Brussels — The prevailing narrative for the past two and a half years has been that the euro zone’s debt crisis was made worse by German Chancellor Angela Merkel’s refusal to dig deeper into her pockets.
If only she had not waited months before green-lighting the first rescue of Greece, or the creation of euro zone rescue funds, the currency bloc’s problems could have been tackled much earlier at a fraction of the cost, critics say.
Now Merkel is being pressed to allow the use of euro funds to lower the cost of Spanish and Italian debt and backstop Spanish banks, and enter into far more extensive initiatives such as the joint issuance of public debt through euro bonds.
The German leader reacted this month by signalling that Berlin was prepared to open up its wallet, but only in the long term, and in exchange for a “political union” that would give Brussels the power to police national behaviour within the euro zone.
“We don’t just need a monetary union. We also need a so-called fiscal union, that is to say, more budget policymaking together,” Merkel said on ARD public television.
“As time goes on, we must, step by step, give up powers to Europe and grant Europe capacities of supervision,” she added.
The head of the German central bank, the Bundesbank, drove the point home in an interview with French newspaper Le Monde.
“You don’t give your credit card to someone if you can’t control their spending,” said Jens Weidmann, who was previously Merkel’s top economics adviser.
With Berlin having named the price for its solidarity — a complex political initiative that would likely require EU treaty changes and constitutional reforms in Germany and elsewhere — it is now up to others to say whether they are prepared to accept it. France’s position is especially problematic. Historically, the heavily centralised nation has been reluctant to cede too many powers to Brussels.
Last year, the previous government led by centre-right president Nicolas Sarkozy initially put up strong resistance to provisions that make it easier to impose EU sanctions on euro zone overspenders.
France’s new socialist leader Francois Hollande is thought to be less opposed to the idea of a federal Europe than Sarkozy, but that may change once the European Commission starts pressing him on the need to trim the deficit.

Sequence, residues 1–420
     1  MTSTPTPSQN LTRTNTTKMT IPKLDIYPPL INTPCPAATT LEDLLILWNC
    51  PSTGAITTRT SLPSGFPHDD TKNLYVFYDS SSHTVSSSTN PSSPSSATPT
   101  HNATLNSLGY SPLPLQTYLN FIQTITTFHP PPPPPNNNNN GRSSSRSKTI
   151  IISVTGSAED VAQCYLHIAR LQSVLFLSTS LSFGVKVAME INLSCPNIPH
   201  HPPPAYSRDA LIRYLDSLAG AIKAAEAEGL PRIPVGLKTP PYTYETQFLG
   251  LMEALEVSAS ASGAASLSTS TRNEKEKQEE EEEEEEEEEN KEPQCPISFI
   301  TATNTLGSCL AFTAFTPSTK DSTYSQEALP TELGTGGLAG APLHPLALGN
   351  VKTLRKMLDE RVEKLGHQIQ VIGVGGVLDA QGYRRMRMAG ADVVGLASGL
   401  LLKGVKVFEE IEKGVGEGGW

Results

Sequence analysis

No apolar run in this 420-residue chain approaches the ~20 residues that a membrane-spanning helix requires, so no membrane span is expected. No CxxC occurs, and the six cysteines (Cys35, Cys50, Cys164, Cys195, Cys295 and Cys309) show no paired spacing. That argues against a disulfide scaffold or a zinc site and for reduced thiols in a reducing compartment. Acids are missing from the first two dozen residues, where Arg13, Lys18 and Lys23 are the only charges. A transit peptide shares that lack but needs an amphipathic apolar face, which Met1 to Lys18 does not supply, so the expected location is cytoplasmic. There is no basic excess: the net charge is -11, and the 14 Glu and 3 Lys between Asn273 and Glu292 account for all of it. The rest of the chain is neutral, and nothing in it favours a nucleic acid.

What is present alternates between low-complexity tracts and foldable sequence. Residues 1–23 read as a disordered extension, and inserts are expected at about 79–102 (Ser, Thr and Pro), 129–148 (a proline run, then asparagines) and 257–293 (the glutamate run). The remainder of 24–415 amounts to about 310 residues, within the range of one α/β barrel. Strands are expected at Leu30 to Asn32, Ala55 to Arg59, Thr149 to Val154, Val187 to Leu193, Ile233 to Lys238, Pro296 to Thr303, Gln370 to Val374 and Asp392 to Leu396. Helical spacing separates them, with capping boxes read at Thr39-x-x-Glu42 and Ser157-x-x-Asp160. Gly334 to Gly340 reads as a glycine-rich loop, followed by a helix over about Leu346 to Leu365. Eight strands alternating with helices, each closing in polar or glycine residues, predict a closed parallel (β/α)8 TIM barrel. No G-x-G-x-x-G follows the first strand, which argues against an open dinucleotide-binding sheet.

Hollande was elected on promises to hire 60,000 new teachers and partially roll back a pension reform that has raised the retirement age from 60 to 62. If Merkel’s “political union” were enforced, the EU would probably be given the power to stop him.
Brussels can already poke its nose in national policies thanks to the ‘six-pack’ of tighter spending and economic co-ordination rules that were approved last year with the aim of preventing future euro zone debt crises.
That has already made some waves: when EU Economy Commissioner Olli Rehn told the Belgian government in January that it had to adopt extra austerity measures to escape the threat of budget sanctions, socialist minister Paul Magnette revolted.
“Who knows Olli Rehn? Who has ever seen Olli Rehn’s face? Who knows where he comes from and what he has done? Nobody. Yet he tells us how we should conduct economic policy. Europe has no democratic legitimacy to do this,” he told the De Morgen newspaper.
Rehn seems to have indirectly acknowledged the problem, as he stressed in a speech last week that any attempts to shore up the euro zone through the pooling of national sovereignties cannot sidestep the public.
He called for “a genuine political process to give democratic legitimacy and accountability to further (integration) moves.” With eurosceptic parties on the rise in countries including France, Finland, the Netherlands and Italy, convincing European voters of the merits of giving yet more powers to Brussels to solve their economic woes is likely to be a tall order. — dpa